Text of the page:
Scott Bell to leave Standard Life after 40 years

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Standard Life yesterday signalled the end of an era when it announced its managing director, Scott Bell, would retire in March after working for the quintessential Scottish mutual life assurer for more than 40 years.

Also leaving the company is Mr Bell's long-term colleague Jim Stretton, chief executive of Standard Life's UK operations. Mr Stretton, who will retire in December, is leaving at age 58 so he could step down at about the same time as Mr Bell, who will be 60 later this year.

The change of Standard Life's leadership was likely to spark renewed speculation about its future, as an increasing number of mutual organisations take the decision to renounce their member ownership. Rumours have been circulating in the life assurance sector that Mr Bell had told senior colleagues that Standard Life could demutualise, but not during his remaining tenure.

With the departure of Mr Bell and Mr Stretton, the company's board structure will change so that Iain Lumsden, its 55-year-old finance director, will take over as chief executive. Sandy Crombie, chief executive of Standard Life Investments, will be deputy chief executive.

Mr Lumsden was at pains yesterday to stress his continuing commitment to mutual ownership. "It would cost members £1bn to demutualise. I would rather cope with the carpetbaggers, which in the last vote cost £10m," he said.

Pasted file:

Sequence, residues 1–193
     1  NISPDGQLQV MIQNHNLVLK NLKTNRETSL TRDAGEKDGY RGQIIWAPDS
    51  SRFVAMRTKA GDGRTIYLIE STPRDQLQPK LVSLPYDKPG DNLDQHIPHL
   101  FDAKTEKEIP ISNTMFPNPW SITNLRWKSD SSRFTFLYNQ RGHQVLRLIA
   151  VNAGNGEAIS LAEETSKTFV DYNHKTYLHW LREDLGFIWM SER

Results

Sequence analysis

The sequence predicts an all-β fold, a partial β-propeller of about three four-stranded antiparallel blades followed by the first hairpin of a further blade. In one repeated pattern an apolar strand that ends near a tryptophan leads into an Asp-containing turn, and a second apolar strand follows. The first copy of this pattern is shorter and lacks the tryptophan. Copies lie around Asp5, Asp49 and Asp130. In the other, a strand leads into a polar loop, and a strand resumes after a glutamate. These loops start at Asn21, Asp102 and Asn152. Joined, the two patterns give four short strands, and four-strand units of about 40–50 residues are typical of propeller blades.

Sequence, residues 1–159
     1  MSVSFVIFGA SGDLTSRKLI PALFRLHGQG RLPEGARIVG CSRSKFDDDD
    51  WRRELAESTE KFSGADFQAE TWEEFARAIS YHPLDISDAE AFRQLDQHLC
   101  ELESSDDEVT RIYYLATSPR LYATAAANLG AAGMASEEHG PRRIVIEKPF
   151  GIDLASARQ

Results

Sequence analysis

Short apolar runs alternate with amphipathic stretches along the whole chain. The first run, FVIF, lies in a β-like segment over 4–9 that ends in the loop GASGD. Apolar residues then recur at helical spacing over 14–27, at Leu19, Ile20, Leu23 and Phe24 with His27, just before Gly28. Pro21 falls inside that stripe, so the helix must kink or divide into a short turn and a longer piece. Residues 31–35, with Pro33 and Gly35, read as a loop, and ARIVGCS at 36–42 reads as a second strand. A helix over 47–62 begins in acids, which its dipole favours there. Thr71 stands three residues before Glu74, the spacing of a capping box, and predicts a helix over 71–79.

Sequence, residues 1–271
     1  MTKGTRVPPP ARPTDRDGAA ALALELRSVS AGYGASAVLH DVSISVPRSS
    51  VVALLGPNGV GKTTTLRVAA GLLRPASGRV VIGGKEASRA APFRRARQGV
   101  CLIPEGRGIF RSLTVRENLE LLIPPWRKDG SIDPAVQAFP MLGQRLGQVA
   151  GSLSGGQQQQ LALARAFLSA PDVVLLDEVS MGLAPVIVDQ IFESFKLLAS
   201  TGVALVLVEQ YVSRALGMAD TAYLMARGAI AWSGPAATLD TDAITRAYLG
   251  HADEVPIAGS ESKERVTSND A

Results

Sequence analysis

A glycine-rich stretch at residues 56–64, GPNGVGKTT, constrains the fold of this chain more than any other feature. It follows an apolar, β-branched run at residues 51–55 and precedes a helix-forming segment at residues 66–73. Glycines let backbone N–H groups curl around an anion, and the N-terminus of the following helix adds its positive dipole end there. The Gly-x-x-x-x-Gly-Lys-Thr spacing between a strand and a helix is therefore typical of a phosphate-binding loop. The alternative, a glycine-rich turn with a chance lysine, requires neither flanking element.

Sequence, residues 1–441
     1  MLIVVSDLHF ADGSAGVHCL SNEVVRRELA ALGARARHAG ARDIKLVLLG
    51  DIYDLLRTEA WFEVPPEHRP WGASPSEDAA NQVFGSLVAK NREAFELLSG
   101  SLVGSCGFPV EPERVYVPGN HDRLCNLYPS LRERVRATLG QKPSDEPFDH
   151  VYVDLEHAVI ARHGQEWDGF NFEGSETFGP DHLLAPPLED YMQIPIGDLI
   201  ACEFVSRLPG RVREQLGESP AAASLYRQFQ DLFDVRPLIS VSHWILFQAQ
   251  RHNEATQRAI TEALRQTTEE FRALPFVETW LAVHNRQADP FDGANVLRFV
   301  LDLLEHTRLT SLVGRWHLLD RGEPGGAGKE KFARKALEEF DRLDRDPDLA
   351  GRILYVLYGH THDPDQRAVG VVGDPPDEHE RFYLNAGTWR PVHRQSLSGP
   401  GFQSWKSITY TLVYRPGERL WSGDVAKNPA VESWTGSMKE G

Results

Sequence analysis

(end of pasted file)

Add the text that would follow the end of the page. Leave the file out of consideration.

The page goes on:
The changes at the helm of Europe's largest mutual life assurer do not represent an influx of new blood. Both Mr Lumsden and Mr Crombie have worked for Standard Life since they left college in the 1960s. But Mr Lumsden, who will formally take over on 16 March, hinted yesterday that his leadership style would be slightly different from that of the famously dour Mr Bell.

"I'm not going to say it will be very different – we have been part of the same management team for years. But I am a different type of person. I suspect I'll be a little more approachable than Scott," he said.

He also alluded to plans to change the internal structure of the business. Standard Life now has a clear division between its UK and overseas arms. This is unlikely to continue under Mr Lumsden.

Standard Life a year ago succeeded in fighting off an attempt by the Australian businessman Fred Woollard to end its member-ownership.

While Standard Life won the vote comfortably, it was shaken by the assault and by critics' accusations that it was arrogant and hardly contacted members until it had to fight demutualisation.

Mr Lumsden yesterday conceded that the company's biggest challenge is still to convey its pro-mutuality message more effectively.

He said the company was already "writing to everyone, and forming focus groups. Virtually everything we do is coloured by focus groups."

The two departing executives will receive generous pensions, which will be two-thirds of their final salaries. Their payments for 2001 are not public, but in 2000 Mr Bell received a basic salary of £495,000, and Mr Stretton was paid £365,000.

Mr Lumsden said he did not know whether he would be paid more than Mr Bell has been, because the company's remuneration committee has still to decide his and Mr Crombie's new salaries.